Now what is happening at background?

How RAKE algorithm works?

Step 1:

First convert all text to lower case (ex: ‘Google’ -> ‘google’ or ‘GOOGLE’ -> ‘google’)

Then split into array of words (tokens) by the specified word delimiters (space, comma, dot etc.)

google quietly rolled out a new way for android users to listen to podcasts and subscribe to shows they like, and it already works on your phone. Podcast production company pacific content got the exclusive on it.this text is taken from google news.


Step 2:

Now this array is then split into sequences of contiguous words by phrase delimiters and stop word positions.

Words within a sequence are assigned the same position in the text and together are considered a candidate keyword.

Split by delimiters       Split by stop word        Candidate Keyword

['google',                'google'                  ['google', 'quietly']
 'quietly',               'quietly'
 'android',               'android'                 ['android', 'users']
 'users',                 'users'
 'listen',                'listen'                  ['listen']
 'podcasts',              'podcasts'                ['podcasts']
 'subscribe',             'subscribe'               ['subscribe']
 'shows',                 'shows'                   ['shows']
 'works',                 'works'                   ['works']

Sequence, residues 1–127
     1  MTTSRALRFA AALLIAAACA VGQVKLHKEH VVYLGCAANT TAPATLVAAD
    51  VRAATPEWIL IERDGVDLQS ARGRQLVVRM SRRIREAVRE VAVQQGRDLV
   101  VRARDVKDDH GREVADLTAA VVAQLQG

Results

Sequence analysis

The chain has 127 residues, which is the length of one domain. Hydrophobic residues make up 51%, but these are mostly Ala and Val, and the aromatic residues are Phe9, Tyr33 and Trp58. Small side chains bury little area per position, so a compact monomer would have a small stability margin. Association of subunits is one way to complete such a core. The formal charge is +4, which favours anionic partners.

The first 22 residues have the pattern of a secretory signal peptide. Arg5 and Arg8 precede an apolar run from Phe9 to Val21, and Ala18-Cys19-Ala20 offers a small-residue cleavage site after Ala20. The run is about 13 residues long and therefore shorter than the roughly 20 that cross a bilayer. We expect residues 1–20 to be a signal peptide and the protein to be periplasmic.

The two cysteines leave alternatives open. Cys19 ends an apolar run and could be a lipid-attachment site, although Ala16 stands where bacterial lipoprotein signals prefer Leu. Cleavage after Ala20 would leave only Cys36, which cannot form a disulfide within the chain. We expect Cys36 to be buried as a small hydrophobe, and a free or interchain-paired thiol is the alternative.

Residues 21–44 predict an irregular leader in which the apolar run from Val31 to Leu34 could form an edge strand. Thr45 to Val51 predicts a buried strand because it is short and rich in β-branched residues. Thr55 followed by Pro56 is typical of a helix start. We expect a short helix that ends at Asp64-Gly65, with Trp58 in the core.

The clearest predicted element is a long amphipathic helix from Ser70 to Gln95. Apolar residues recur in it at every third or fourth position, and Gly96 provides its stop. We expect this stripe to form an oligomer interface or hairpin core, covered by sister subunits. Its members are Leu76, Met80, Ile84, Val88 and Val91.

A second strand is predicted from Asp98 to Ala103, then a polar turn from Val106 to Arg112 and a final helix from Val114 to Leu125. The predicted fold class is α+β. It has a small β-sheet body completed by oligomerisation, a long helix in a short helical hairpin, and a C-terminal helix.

'phone',                 'phone'                   ['phone']
 'podcast',               'podcast' ['podcast','production','company','pacific','content']
 'production',            'production'
 'company',               'company'
 'pacific',               'pacific'
 'content',               'content'
 'exclusive',             'exclusive'               ['exclusive']
 'text',                  'text'                    ['text']
 'google',                'google'                  ['google', 'news']
 'news',                  'news'

Note: Red font character/ words are either stop words or punctuation to be removed.
Now from the above table we have all candidate words:

'google', 'quietly', 'rolled'
'android', 'users'
'podcast', 'production', 'company', 'pacific', 'content'
'google', 'news'

These candidate keywords are nothing but output keywords by RAKE (ex: ‘google quietly rolled’). But RAKE is doing one step further, calculate score for each keyword.

Step 3 (Calculate Keyword Score):

Let’s have a look at individual word appearing to candidate keyword, which are as follows.

'google', 'quietly', 'rolled', 'android', 'users', 'listen', 'podcasts', 'subscribe', 'shows', 'works', 'phone', 'podcast', 'production', 'company', 'pacific', 'content', 'exclusive', ‘text’, ‘google’, ‘news’